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Dual Battery modification?


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30 replies to this topic

#1 OFFLINE   OneSpeed

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Posted 09 December 2014 - 02:04 PM

Has anyone installed a second hi voltage battery in their Fusion?
I noticed that my charge indicator shows a maxed out battery condition twice on each drive to and from work. And then the charge indicator suggests a 1/2 - 1/3 discharged condition and starts the engine before I get through the hills.
I want more hi voltage storage capacity AND a plug in charge option.
I think I would be OK if this battery were just 50% larger. But I wonder if I could just get a battery from a total and modify my car to accept it?







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#2 OFFLINE   Waldo

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Posted 09 December 2014 - 02:18 PM

Uhhh, you have heard of the Fusion Energi, right??


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#3 OFFLINE   OneSpeed

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Posted 09 December 2014 - 03:29 PM

No.
I have always been a GM guy. I have had two E350 for work but this is the first Ford car.
And I have always been an extreme anti hybrid person. I put my money where my mouth is on this car and am trying to learn as much as I can. So far I love the car and am very impressed.
What exactly are you talking about?

#4 OFFLINE   Texasota

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Posted 09 December 2014 - 03:39 PM

What exactly are you talking about?

 

http://www.ford.com/...0141209203632:s



#5 OFFLINE   Waldo

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Posted 09 December 2014 - 03:40 PM

The Fusion Energi is the version of the Fusion hybrid that has a bigger battery and let's you plug in.

 

http://www.ford.com/...titaniumenergi/



#6 OFFLINE   OneSpeed

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Posted 09 December 2014 - 03:50 PM

OK, that is good to know, but I just bought this car less than a month ago and did not plan to spend that much money. I did not even know about it then anyway.
So can I modify this this car over time and convert it to an Energi?

#7 OFFLINE   Texasota

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Posted 09 December 2014 - 04:01 PM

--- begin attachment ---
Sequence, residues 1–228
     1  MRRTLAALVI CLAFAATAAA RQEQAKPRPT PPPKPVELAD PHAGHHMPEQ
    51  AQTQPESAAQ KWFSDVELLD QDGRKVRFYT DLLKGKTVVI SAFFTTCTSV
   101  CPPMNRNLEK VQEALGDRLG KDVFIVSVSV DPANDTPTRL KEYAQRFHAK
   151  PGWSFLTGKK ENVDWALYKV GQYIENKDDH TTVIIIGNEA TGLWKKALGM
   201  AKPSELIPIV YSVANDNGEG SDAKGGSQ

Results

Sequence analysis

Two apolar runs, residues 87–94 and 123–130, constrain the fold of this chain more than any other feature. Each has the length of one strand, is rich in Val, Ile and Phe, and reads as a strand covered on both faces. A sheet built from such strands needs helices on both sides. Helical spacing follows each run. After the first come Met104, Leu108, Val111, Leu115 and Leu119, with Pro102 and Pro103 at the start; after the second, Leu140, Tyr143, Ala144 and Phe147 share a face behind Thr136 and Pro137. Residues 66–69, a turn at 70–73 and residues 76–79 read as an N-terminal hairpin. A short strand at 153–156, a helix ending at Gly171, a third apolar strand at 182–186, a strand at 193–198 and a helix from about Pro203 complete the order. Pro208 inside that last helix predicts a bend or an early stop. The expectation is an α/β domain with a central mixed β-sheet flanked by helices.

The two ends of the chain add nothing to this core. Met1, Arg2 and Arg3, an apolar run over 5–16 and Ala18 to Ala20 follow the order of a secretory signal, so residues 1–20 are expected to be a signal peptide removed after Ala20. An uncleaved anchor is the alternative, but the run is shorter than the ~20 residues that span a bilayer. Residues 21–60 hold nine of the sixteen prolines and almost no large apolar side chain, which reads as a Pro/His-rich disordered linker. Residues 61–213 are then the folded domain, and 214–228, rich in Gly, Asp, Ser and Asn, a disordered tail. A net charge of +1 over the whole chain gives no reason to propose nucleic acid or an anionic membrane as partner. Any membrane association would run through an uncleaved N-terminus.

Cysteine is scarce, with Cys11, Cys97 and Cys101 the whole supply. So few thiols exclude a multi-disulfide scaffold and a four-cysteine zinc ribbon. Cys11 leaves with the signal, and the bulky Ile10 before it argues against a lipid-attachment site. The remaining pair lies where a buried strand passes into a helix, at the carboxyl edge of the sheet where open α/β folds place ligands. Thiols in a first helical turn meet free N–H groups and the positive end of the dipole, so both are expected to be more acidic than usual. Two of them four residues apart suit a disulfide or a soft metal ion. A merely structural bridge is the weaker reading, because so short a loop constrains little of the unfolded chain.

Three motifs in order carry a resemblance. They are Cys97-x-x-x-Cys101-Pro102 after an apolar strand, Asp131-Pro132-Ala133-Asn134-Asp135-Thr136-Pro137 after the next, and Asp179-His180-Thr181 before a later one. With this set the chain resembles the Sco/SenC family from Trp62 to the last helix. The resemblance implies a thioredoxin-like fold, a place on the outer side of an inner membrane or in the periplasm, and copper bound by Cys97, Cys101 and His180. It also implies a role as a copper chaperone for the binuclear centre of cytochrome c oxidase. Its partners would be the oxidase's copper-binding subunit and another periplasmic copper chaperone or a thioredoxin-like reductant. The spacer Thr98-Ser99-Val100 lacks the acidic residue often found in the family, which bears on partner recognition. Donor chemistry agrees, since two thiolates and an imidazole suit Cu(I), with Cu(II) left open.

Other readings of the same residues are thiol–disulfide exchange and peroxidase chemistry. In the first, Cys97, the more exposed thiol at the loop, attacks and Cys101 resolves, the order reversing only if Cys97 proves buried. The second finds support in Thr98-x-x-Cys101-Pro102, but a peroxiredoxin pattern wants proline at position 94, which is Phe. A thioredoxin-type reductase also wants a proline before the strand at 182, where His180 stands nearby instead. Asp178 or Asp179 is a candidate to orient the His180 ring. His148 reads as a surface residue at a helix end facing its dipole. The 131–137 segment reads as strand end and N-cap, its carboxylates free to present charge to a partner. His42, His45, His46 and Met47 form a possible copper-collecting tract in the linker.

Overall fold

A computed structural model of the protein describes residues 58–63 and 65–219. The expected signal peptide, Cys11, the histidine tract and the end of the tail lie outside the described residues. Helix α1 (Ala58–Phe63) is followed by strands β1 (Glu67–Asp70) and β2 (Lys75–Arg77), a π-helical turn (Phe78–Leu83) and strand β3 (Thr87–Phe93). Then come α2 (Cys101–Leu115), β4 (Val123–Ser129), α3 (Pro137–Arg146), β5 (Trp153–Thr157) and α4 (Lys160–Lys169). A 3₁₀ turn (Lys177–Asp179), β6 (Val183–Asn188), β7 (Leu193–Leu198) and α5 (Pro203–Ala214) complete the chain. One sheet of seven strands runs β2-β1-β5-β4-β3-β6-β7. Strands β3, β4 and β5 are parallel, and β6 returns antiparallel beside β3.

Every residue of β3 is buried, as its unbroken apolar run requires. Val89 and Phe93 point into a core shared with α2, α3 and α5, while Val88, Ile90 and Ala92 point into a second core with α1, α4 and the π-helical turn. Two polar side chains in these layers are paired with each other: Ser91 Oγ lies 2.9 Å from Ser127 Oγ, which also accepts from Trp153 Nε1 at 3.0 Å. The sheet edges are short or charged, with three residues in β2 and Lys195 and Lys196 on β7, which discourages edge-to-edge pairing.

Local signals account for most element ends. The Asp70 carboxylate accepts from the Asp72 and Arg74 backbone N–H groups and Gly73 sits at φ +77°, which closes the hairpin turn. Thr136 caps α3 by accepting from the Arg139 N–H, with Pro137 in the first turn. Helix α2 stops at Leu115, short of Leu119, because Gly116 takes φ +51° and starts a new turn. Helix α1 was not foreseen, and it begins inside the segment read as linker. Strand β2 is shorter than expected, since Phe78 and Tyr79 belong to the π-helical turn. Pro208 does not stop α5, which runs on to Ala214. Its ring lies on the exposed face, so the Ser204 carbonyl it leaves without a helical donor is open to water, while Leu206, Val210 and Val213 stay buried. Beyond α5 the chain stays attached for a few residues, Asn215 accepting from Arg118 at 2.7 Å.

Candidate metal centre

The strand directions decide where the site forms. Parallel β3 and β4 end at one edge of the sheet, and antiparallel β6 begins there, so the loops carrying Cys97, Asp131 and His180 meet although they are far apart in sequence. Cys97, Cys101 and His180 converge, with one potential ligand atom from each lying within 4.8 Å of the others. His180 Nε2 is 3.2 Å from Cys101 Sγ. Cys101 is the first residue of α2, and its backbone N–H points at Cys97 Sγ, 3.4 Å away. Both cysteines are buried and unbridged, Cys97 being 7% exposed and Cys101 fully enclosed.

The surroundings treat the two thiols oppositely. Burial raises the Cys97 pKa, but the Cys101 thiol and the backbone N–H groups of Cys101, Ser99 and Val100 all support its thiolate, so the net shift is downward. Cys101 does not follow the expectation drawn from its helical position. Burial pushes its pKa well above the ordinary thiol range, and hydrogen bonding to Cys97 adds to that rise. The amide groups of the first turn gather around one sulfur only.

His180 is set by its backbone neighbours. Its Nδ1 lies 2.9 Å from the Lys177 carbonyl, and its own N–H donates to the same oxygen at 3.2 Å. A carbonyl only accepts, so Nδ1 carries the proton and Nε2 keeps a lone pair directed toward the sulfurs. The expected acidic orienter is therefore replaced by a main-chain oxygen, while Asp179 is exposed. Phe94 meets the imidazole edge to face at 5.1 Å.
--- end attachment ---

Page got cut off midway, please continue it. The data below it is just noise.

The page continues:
So can I modify this this car over time and convert it to an Energi?

 

I can't imagine that being a feasible or practical endeavor given the technology and complexity of these cars. There are way to many technical differences between the two cars.  HybridBear recently traded in his 2013 FFH for a 2013 Energi he found still sitting around on a new car lot. Something like that may be an option for you.


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#8 OFFLINE   OneSpeed

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Posted 09 December 2014 - 04:28 PM

Price?

#9 OFFLINE   hybridbear

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Posted 09 December 2014 - 04:45 PM

Price?

Welcome to the Forum!

 

http://fordfusionhyb...uld-you-take-it

 

Also, I hid your duplicate post earlier in the thread.


Current Vehicles

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315692.png

 

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2013 Ford Fusion Hybrid SE x2

252543.png167422.png


#10 OFFLINE   Easy Rider

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Posted 09 December 2014 - 04:55 PM

I want more hi voltage storage capacity AND a plug in charge option.
I think I would be OK if this battery were just 50% larger. But I wonder if I could just get a battery from a total and modify my car to accept it?

 

Sounds to me like you bought the wrong car.

 

Just adding a bigger battery without changing the other electronics to control it would gain you little or nothing because ALL of the energy to charge the batteries comes from gas burned in the engine.  All of it.

 

By the time you modify your Fusion to work like a Plugin Hybrid, you could have traded for one and had money left over.

 

No, not a good idea.



#11 OFFLINE   Texasota

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Posted 09 December 2014 - 05:18 PM

Price?